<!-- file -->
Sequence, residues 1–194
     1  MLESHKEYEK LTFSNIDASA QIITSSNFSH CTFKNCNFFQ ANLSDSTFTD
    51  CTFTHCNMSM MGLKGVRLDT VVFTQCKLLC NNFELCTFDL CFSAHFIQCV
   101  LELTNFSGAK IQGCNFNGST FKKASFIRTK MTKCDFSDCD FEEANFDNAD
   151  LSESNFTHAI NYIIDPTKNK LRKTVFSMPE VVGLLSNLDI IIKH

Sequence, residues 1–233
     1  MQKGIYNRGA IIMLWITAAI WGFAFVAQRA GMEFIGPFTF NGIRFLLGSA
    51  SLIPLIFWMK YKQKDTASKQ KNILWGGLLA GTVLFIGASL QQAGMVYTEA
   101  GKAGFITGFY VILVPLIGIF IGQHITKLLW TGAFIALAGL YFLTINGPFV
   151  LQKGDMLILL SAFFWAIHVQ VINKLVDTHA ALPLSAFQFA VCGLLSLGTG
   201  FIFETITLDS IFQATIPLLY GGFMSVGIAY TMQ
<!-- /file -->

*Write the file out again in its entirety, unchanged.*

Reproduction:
Sequence, residues 1–194
     1  MLESHKEYEK LTFSNIDASA QIITSSNFSH CTFKNCNFFQ ANLSDSTFTD
    51  CTFTHCNMSM MGLKGVRLDT VVFTQCKLLC NNFELCTFDL CFSAHFIQCV
   101  LELTNFSGAK IQGCNFNGST FKKASFIRTK MTKCDFSDCD FEEANFDNAD
   151  LSESNFTHAI NYIIDPTKNK LRKTVFSMPE VVGLLSNLDI IIKH

Sequence, residues 1–233
     1  MQKGIYNRGA IIMLWITAAI WGFAFVAQRA GMEFIGPFTF NGIRFLLGSA
    51  SLIPLIFWMK YKQKDTASKQ KNILWGGLLA GTVLFIGASL QQAGMVYTEA
   101  GKAGFITGFY VILVPLIGIF IGQHITKLLW TGAFIALAGL YFLTINGPFV
   151  LQKGDMLILL SAFFWAIHVQ VINKLVDTHA ALPLSAFQFA VCGLLSLGTG
   201  FIFETITLDS IFQATIPLLY GGFMSVGIAY TMQ